Employers sometimes forget that merely asking for a reasonable accommodation may be a protected activity. That’s true even if it turns out that the employee isn’t disabled and therefore isn’t due an accommodation.
Anything an employer does that could be construed as punishment for requesting help could spell trouble—and a retaliation lawsuit.
Warn all your managers and supervisors against making life more difficult for someone whose accommodations request was denied.
Recent case: Biljana Ragusa worked as a public school teacher. She had brain surgery to remove a benign tumor and returned to work two months later. Because she had residual effects from the surgery, she asked for a reasonable accommodation—being able to work in a single classroom for the entire day so that she didn’t have to walk from room to room.
Instead, she was transferred to an assignment in which she had to teach in four different classrooms during a single day. She was also assigned a grade level she had never taught and a subject in which she did not hold a certification.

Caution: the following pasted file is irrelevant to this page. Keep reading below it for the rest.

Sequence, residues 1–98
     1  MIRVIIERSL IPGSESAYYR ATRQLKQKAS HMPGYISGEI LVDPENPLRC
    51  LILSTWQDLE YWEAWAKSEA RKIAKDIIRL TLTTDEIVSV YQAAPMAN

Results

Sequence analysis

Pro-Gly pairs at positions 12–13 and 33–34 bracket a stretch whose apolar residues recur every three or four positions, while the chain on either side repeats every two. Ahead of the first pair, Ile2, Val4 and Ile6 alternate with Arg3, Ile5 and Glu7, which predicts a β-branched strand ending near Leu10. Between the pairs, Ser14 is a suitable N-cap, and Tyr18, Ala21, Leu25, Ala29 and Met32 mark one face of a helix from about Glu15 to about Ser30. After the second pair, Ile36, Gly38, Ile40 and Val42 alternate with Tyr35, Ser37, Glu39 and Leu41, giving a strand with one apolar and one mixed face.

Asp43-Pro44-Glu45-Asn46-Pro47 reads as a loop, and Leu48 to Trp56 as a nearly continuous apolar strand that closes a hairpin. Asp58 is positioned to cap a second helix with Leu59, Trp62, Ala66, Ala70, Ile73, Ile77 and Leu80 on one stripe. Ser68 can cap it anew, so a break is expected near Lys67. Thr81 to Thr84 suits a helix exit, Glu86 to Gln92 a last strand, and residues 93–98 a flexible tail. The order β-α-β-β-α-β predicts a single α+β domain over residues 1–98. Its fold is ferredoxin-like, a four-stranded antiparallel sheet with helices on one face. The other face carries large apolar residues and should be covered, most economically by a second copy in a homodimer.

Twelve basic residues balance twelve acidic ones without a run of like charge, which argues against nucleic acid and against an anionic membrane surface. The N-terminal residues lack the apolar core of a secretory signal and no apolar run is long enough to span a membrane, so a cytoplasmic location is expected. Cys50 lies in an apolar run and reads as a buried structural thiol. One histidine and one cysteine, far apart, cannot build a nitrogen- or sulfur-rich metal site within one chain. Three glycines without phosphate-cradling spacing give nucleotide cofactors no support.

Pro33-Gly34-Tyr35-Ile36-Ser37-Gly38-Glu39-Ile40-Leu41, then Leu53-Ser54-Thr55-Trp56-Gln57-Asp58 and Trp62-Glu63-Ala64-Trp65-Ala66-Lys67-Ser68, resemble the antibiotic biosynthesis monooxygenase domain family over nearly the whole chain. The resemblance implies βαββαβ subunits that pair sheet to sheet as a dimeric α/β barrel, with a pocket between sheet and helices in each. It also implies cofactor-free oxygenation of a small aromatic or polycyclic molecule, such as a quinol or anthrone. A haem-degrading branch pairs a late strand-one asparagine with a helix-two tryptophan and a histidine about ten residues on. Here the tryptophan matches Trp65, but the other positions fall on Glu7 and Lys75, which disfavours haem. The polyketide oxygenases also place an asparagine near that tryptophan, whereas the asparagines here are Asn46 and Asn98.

She sued, claiming all this was retaliation for seeking an accommodation.
The school district argued that Ragusa wasn’t disabled, so it was under no obligation to accommodate her.
The court agreed, to a point. It was true that Ragusa wasn’t entitled to an accommodation. However, that didn’t mean her employer was allowed to punish her for asking for one. And changing her working conditions in a way that seemed designed to set her up to fail would probably dissuade a reasonable employee from asking in the first place.
The court sent the case to trial for a jury to decide. (Ragusa v. Malverne Union Free School, No. 08-5367, 2nd Cir., 2010)
- How to Fire an Employee the Legal Way: 6 Termination Guidelines
- Santa Ana, Calif. eatery serves up $96K in back OT, penalties
- Stubble trouble: Can you fire unshaven employees?
- Courts cut slack for employees who act as their own lawyers
- Not so fast! Texas whistle-blowers must pursue internal remedies before they can sue